Relentless: The Mindset You Need to Consistently Win

I recently read Tim Grover’s Relentless: From Good to Great to Unstoppable. Grover was the physical coach of the biggest basketball stars in the world such as Michael Jordan and Kobe Bryant. The book explains the mentality these unstoppable athletes had, and what separated them from all the other competitors. It’s a fascinating read, and is much more hard-hitting than a typical self-improvement book, similar to David Goggin’s no-bullshit style in Can’t Hurt Me.

Grover outlines three character archetypes – coolers, closers and cleaners. He describes in detail the different responses of these archetypes in different situations throughout the book, allowing the reader to identify with at least one of the archetypes, and maybe to strive towards the rare, ultimate title of ‘Cleaner’.

Coolers let others decide whether they’re successful; they do the job and wait to see if you approve. Closers feel successful when they get the job done. Cleaners never feel as if they’ve achieved success because there is always more to do.

Here’s the 13 characteristics of a cleaner:

You keep pushing yourself harder when everyone else has had enough.

You get into the Zone, shut out everything else, and control the uncontrollable.

You know exactly who you are.

You have a dark side that refuses to be taught to be good.

You’re not intimidated by pressure, you thrive on it.

When everyone is hitting the “In Case of Emergency” button, they’re all looking for you.

You don’t compete with anyone, you find your opponent’s weakness and you attack.

You make decisions, not suggestions; you know the answer while everyone else is still asking questions.

You don’t have to love the work, but you’re addicted to the results.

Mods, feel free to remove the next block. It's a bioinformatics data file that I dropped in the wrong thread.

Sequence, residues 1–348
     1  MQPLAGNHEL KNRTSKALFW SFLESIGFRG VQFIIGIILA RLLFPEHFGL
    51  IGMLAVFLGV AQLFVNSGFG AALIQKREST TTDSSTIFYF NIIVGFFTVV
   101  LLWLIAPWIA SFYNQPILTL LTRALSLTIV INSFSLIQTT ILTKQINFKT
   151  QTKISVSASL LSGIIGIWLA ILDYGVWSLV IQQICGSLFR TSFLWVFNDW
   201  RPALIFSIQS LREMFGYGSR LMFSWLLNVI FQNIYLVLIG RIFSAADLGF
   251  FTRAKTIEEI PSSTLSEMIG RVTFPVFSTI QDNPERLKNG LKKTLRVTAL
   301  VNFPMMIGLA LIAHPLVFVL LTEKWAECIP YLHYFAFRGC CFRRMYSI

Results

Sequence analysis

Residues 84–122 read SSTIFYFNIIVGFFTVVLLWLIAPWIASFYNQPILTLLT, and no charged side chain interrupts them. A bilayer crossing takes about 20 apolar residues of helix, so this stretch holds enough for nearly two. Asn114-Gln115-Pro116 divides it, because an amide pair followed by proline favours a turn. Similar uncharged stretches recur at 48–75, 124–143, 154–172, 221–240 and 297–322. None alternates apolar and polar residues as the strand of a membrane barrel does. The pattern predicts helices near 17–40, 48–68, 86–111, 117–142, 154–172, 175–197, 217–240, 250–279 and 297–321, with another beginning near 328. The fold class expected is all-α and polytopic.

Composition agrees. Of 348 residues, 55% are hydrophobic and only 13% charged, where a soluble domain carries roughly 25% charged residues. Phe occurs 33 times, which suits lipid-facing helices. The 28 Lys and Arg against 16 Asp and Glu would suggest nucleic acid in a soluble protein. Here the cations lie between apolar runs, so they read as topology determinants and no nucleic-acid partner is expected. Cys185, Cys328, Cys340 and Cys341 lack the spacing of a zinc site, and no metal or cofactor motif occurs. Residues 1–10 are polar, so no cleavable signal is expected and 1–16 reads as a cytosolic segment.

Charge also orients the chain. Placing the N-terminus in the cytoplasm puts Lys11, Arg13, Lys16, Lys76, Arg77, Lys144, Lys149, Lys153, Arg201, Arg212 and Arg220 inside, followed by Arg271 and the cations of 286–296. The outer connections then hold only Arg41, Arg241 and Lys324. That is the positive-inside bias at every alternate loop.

You’d rather be feared than liked.

You trust very few people, and those you trust better not let you down.

You don’t recognize failure; you know there’s more than one way to get what you want.

You don’t celebrate your achievements because you always want more.

As I read the book, names of cleaners would pop into my head, mainly from the world of professional football – Roy Keane, Sir Alex Ferguson, Jose Mourinho, Bruno Fernandes, Steven Gerrard. The media typically describes these types of people as ‘natural-born leaders’ or ‘serial winners’. Roy Keane literally got fired from Manchester United because he was so ruthless when analyzing his teammates after a drop in standards; Sir Alex Ferguson would play mind games with his rival managers and referees to get the edge needed to win; Mourinho infamously poked a rival manager in the eye during a big game; Bruno Fernandes can be seen instructing his teammates what to do all game; Steven Gerrard dragged his less-than-fantastic Liverpool side to win multiple trophies in his career.

While reading Relentless, I realized that cleaners are few and far between – it’s tough to have a mindset like that. In the end it could be summarized by saying a cleaner is someone that is 100% secure in themselves, is never satisfied, and isn’t afraid to upset their teammates or anyone else in order to get what they want.

Do you think you can be a cleaner? If so, would you? If you could, would you hire a cleaner in your team?

Let me know in the comments below!

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dongminglau

British-born Chinese guy who wants to inspire and help others by sharing wisdom and learning through one's own experiences. Main interests are health and fitness, psychology, sales and sports.

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